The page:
In particular, the origins can be traced back to the Vedic period, which dates back to over 3000 years ago. The oldest mantras are contained in the sacred hymns called Vedas, which are the basis of Vedic knowledge. These hymns were sung or recited during rituals, ceremonies and spiritual practices.

In the context of Hindu traditions, they are seen as sacred sounds or words that possess divine power and a specific vibration. It is believed that repeating a word with proper intonation and concentration can affect the practitioner both mentally and spiritually.

Every word or sound has an associated meaning and energy, and regular repetition can lead to a state of deep meditation and connection with the divine.

As spiritual and religious traditions evolved in the Indian subcontinent, they also spread to other parts of the world, mainly through the expansion of Buddhism.

Today, the practice of mantras is widespread in many cultures and spiritual traditions, and several mantras have become globally popular for meditation, healing and personal development.

All kinds of mantras

As we have seen, in the world of spirituality mantras play a central role, offering an avenue for meditation, inner connection and the search for balance.

Now, it’s time to discover together the various types of mantras and the meaning behind these powerful sacred words and sounds.

Gayatri Mantra

The Gayatri Mantra has roots in the ancient sacred text called the Rigveda, which dates back over 3,000 years. It is one of the oldest and most significant Vedic mantras. The prayer is dedicated to the deva Savitr, a solar deity revered for her wisdom and spiritual enlightenment.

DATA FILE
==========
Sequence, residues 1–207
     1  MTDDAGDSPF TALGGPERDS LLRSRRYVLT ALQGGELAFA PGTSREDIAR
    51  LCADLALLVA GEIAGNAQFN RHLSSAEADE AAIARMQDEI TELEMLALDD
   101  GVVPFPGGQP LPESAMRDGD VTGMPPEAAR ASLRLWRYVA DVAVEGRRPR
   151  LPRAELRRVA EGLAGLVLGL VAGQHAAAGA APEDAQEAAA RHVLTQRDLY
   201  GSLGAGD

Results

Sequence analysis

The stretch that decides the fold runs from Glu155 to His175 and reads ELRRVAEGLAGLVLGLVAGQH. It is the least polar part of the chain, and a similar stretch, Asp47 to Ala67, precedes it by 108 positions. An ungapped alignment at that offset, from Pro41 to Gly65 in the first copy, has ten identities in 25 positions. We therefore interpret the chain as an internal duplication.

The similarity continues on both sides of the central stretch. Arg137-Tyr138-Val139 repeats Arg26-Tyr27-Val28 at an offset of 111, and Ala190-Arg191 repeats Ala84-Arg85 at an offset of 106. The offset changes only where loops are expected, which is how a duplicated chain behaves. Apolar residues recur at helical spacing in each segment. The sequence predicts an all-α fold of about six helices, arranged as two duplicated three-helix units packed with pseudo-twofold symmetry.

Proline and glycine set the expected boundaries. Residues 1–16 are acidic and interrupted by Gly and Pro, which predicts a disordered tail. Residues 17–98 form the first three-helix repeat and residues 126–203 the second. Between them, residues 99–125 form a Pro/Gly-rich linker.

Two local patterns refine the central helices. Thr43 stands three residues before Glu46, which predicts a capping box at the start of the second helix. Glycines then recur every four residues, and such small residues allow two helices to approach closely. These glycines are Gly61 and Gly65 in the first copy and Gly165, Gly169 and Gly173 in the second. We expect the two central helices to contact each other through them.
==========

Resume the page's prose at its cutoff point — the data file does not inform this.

It is considered a hymn to the universal energy of wisdom and light. In its essence, the prayer invokes the illuminating power of the spiritual sun, which symbolizes knowledge, awareness and inner understanding.

The regular practice of chanting Gayatri is believed to purify the mind and heart, developing spiritual awareness and connection with divinity. Its constant repetition is believed to help dispel the darkness of ignorance and guide the individual to the right path of truth and wisdom.

Tantric Mantra

They come from the tantra traditions of Hinduism and Buddhism. They are often more elaborate than the Vedic ones and include a combination of sounds, syllables and sacred symbols.

These mantras are considered to be powerful and can be used to increase awareness, life energy and spiritual enlightenment.

Tibetan mantras

Buddhism has a wide range of mantras, known as “Dharani” or “Mantra Sutras”, which are recited as part of meditation practice. These mantras are usually recited in Sanskrit or Tibetan and are associated with Buddhist deities or spiritual concepts.

The best known mantra is the “Om Mani Padme Hum”, associated with the compassionate deity Bodhisattva Avalokiteshvara. These Buddhist mantras are used to develop compassion, gain wisdom and achieve liberation from the cycle of Samsara.

Hare Krishna

A popular mantra in the tradition of the movement…